Southern Arkansas University proudly hosted six teams of STEM majors on Saturday, Nov. 11, 2019, in Challenge Saturday. Students from Cameroon, India, Czech Republic and Nigeria, as well as from across the United States participated. More than 600 students worked on teams of three at their home school for over a week on one of three math scenarios.

SAU’s undergraduates from a variety of STEM majors converged on the SAU Science Building for this all-day event, sharing their results and getting valuable feedback from faculty judges. To round off the day, there were also faculty development workshops and a fun Math Bowl.

“For Challenge Saturday, our SAU students successfully addressed a problem using the power and elegance of mathematics, sharing it with others in presentations,” said Dr. Abdel Bachri, dean of the College of Science and Engineering. This year’s challenges involved chemical signals from wasps and butterflies which relate to reproduction and egg deposits; the phenomenon of hipsters in how people tend to group themselves, and the movement of objects on small microgravity environments such as asteroids.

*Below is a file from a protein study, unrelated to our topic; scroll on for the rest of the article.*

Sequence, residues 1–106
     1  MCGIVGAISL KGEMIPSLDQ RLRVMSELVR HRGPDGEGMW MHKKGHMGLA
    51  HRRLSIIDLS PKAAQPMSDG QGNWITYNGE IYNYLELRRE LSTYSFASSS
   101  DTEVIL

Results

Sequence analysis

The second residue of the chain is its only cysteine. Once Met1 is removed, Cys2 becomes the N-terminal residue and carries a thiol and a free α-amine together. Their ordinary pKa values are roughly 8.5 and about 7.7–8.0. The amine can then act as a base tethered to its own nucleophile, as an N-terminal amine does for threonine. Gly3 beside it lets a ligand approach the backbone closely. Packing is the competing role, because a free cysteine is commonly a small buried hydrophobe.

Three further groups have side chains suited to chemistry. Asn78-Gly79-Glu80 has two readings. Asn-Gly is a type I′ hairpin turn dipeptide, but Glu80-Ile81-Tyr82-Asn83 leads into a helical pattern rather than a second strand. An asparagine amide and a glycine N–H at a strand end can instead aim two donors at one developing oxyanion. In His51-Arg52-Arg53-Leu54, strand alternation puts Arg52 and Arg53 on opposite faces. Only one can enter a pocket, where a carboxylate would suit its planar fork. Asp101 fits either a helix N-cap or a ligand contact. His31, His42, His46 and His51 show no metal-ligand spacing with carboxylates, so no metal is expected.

“I thank Dr. Schrader and the faculty mentors who came together to make this event possible,” said Bachri. “Math is the language of the universe. Laws of nature are often expressed in terms of differential equations. They can be used in a wide variety of disciplines to make predictions, from health to economics.”

“Everyone can benefit from a modeling challenge such as this one. I was very impressed by the students’ presentations, and every team presented a unique mathematical approach to model the problem,” he said.

The event, SCUDEM IV 2019 (SIMIODE Challenge Using Differential Equations), was sponsored by SIMIODE – Systemic Initiative for Modeling investigations and Opportunities with Differential Equations, a 501(c)3 Nonprofit organization, funded in part by the National Science Foundation. Anyone interested in modeling with mathematics – specifically with the STEM pivotal material known as differential equations – can join SIMIODE free at www.simiode.org. The day’s events were coordinated by Dr. Paul Schrader of SAU’s Mathematics and Computer Science Department along with many SAU faculty, staff, and student volunteers.

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